Skare Family Log Cabin
Ole Anderson (aka Anundson) Skare emigrated from near Vradal village in Kviteseid Township of Telemark Province, Norway, to McFarland, Wisconsin, with his parents and one of his brothers in 1853. Ragnild Dalen (aka Dahlen) emigrated with her parents and three brothers from near Amotsdal village in Seljord Township of Telemark Province to the Koshkonong region near the boarder of Dane and Jefferson Counties in 1857. Ole Anderson Skare and Ragnhild Dalen were married at the West Koshkonong Norwegian Lutheran Church in Christian Township of Dane County on May 25, 1866. They made their home and raised their children on their farm off what is now Hidden Farm Road southeast of McFarland.
At first, Ole Anundson went by the name Ole Anderson and later, Ole A. Skare. Most of his children took Skare as their surname, but two chose to use the name Anderson. Ole and Ragnhild had 12 children but four died in infancy. Nine of their 12 children were born in the log cabin that now stands behind the McFarland Museum at 5814 Main Street. Of the nine, three children died in infancy so there was a brief period when six children lived in the little log cabin.
Ole and Ragnhild Skare’s one room log cabin built around 1860 saw the birth of their children Haege, Julia, Caroline, Hanna, Albert and Herman, and three who did not survive infancy. (Their youngest sons, Gerhard, Robert, and another who died in infancy were born in the family’s large frame house that replaced the cabin.) Albert Skare continued to farm the land for many years. He enjoyed collecting old farm tools and other antiques that he stored in this and one other log cabin on his property. Albert died in 1967 and his collection of over 1100 items was given to the McFarland Historical Society, providing a significant portion of the Society’s artifacts.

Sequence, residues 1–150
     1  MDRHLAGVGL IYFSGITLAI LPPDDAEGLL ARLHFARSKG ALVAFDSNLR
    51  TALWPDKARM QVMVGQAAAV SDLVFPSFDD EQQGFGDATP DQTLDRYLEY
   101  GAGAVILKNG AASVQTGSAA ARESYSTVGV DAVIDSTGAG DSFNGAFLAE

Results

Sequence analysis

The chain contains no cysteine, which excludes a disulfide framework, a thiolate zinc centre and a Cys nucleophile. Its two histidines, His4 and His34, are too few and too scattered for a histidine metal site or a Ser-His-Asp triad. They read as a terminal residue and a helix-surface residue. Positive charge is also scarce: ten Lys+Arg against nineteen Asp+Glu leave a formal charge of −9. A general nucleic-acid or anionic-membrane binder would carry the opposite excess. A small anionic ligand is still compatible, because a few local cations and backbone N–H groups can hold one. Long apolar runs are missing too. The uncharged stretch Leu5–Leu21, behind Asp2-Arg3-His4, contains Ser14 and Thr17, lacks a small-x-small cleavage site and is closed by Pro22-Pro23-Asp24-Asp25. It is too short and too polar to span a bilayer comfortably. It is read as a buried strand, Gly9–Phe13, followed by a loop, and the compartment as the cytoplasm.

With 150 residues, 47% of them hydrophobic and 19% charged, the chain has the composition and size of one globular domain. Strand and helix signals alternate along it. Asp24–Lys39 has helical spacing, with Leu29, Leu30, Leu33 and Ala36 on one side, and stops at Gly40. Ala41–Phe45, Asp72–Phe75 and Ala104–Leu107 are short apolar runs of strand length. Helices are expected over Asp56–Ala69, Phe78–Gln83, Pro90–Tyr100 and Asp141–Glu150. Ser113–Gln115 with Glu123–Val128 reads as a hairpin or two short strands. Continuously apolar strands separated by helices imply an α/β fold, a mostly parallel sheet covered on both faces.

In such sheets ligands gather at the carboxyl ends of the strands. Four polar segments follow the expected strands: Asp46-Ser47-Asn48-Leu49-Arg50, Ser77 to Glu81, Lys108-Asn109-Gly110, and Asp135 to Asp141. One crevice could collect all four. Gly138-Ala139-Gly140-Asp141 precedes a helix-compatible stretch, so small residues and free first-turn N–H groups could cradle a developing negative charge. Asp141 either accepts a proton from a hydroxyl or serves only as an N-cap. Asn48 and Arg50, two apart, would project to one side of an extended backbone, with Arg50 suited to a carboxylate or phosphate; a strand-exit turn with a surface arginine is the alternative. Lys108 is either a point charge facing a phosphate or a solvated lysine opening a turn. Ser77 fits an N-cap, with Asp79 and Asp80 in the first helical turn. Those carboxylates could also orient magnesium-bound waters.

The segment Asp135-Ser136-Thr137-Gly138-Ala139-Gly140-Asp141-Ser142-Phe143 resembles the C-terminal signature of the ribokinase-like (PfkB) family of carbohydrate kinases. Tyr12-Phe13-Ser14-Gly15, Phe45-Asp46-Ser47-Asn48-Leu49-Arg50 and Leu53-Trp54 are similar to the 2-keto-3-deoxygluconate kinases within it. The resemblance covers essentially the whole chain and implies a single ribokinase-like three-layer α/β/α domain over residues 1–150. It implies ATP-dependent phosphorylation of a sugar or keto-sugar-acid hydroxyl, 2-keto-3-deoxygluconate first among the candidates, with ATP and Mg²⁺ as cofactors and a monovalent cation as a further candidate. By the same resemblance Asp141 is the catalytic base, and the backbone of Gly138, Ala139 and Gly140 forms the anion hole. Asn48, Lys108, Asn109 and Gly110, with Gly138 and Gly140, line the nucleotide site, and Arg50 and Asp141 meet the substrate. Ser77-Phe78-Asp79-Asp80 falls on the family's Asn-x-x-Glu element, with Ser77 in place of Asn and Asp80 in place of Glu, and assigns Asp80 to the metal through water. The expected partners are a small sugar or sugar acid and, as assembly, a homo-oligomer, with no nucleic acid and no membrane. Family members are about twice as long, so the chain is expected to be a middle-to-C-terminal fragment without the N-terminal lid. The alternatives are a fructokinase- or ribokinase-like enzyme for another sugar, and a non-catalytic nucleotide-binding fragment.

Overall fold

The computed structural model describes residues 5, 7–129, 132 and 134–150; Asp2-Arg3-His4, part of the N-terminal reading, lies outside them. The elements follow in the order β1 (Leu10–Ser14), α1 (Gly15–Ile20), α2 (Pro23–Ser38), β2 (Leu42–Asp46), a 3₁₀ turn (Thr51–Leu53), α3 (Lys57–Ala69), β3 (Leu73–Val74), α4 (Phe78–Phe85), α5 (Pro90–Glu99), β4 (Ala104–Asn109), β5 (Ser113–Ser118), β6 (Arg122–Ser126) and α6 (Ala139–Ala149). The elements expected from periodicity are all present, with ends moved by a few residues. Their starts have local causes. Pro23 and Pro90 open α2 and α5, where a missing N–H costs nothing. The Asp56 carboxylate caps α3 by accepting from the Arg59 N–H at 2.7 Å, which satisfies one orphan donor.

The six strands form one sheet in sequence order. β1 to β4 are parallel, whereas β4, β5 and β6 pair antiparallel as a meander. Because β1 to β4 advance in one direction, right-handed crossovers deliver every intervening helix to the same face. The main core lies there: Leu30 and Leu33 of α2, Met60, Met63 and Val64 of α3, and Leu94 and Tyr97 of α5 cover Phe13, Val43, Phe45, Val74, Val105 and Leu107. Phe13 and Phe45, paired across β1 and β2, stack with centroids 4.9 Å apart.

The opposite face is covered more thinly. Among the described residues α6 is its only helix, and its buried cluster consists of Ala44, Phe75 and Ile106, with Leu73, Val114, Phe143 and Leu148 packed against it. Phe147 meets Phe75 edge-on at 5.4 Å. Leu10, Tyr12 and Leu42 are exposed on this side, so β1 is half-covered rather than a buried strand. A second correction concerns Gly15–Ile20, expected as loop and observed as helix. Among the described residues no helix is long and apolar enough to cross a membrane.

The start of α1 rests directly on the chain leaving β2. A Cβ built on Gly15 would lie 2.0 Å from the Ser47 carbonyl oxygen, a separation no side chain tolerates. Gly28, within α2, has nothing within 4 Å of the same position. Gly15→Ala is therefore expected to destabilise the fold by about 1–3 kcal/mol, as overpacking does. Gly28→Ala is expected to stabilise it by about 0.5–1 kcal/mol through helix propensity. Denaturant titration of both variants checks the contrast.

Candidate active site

The log cabin was moved from the Skare farm to the McFarland Museum in 1972 and the restoration was completed in 1973. Some of the Skare family household effects are displayed as well as other items appropriate to a Norwegian pioneer family living in their small, hand-made home.
The logs that have been squared off are original as this was the style for Norwegian log house builders. The house was taken apart, piece-by-piece and some of the logs were in very poor condition. During construction, these rotten logs were replaced with treated telephone poles that are round rather than square. Cedar shingles were commonly used for roofs in this area and the shingles on the Skare log cabin have been replaced with newer cedar shingles over the years. Cement rather than the original mud and rags, was used for mortar.
This Norwegian log cabin is often but not always open during the Museum’s open house from 1 to 4 PM on Sundays from Memorial Day through September. It would be best to arrange a special tour of the log cabin to make certain it will be open.
Norwegian log cabin exterior
The kitchen area of the one-room log cabin
The rope bed where mother and father would sleep
The loft where the older children would sleep